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One of the most popular technical devices of the past five years is the tablet. It started with Apple and devices that used the Android OS followed soon after. One system absent however was a Microsoft OS tablet. Earlier this summer, to much excitement from IT, Microsoft rectified this by announcing a new tablet that not only uses Windows 8 but is built by Microsoft.
Microsoft’s recently announced tablet, the Microsoft Surface should be appealing to many businesses, especially those with mobile employees. If it does what Microsoft says, the Pro version will enable companies to ditch laptops or even desktops.
When the Surface is released, you can pretty much guarantee that the early adopters of technology in your company will be itching to try it out at work. This poses an issue management should address before the Surface is released.
To properly integrate the Surface into your company, you or your management team will need to make sure that it is a good fit. Beyond that, it’s a good idea to create a general list of approved devices, with Surface included, that employees can use. This can then also be applied to employees who want to bring their own device (BYOD) to work.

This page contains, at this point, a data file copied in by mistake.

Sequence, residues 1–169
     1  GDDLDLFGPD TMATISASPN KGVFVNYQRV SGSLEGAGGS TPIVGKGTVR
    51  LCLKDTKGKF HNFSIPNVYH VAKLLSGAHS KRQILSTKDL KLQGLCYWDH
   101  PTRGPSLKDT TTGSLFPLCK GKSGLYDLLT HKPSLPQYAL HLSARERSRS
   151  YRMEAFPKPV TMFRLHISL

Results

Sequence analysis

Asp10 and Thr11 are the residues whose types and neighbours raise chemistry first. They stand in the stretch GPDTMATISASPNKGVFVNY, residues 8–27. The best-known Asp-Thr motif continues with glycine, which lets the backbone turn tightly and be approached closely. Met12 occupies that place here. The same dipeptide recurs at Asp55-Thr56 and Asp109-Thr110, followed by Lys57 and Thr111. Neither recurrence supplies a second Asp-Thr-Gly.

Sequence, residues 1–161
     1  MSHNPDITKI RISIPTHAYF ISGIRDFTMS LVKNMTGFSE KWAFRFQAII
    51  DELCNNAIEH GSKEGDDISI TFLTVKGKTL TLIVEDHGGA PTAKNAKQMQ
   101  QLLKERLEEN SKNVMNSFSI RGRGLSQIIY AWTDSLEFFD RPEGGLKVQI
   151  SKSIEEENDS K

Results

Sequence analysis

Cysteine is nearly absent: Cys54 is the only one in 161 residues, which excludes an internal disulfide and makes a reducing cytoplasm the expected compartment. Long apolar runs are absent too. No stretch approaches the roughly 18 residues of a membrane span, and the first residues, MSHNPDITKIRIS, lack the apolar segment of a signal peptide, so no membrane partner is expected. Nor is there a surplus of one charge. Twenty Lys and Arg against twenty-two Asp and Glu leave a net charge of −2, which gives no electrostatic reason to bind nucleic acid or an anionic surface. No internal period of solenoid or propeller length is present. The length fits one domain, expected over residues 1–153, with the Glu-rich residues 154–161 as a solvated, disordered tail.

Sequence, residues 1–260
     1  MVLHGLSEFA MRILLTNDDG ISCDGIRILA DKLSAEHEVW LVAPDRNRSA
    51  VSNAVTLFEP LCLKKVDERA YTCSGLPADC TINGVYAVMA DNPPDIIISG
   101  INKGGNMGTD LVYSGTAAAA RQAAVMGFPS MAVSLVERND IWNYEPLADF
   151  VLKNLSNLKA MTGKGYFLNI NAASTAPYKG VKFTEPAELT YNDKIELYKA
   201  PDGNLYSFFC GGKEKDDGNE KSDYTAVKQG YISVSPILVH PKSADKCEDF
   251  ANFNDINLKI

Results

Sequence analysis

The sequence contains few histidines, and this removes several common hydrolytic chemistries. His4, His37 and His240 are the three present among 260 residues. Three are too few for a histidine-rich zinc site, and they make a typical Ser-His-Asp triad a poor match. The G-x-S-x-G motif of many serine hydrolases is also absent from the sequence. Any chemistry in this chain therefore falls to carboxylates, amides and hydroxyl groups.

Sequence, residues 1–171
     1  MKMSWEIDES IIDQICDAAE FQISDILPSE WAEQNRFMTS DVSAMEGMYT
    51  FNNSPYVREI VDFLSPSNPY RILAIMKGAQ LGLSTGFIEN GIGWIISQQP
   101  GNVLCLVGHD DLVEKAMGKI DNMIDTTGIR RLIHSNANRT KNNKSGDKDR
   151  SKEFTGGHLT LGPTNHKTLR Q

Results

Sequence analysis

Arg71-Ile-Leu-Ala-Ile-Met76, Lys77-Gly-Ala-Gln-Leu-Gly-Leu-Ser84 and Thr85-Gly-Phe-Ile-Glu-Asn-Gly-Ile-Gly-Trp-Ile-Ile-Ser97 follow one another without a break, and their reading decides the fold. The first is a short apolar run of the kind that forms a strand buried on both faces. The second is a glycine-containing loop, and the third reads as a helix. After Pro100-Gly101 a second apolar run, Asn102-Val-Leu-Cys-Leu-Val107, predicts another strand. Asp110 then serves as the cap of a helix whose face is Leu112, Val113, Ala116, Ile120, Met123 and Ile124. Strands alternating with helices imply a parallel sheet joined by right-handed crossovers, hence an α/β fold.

Managers need to understand all the related threats involved with mobile devices. Employees will most likely use Surface for some personal tasks which could potentially put work related information at risk. To minimize this, you should encourage employees to only use company approved apps while setting access rights to more important documents.
Beyond this, you should take the time to learn how to use the tablet yourself and learn what it can and can’t do. You can also learn about any security features and other benefits. If you know about Surface, and employees see the example that you set, they’ll be more likely to stick to a defined BYOD policy.
Surface holds lots of promise for organizations and if implemented correctly, it could improve productivity or help encourage employees to stay connected longer. If you’re interested in Surface and would like to learn more about it, please contact us.
Published on 31st August 2012 by Jeanne DeWitt.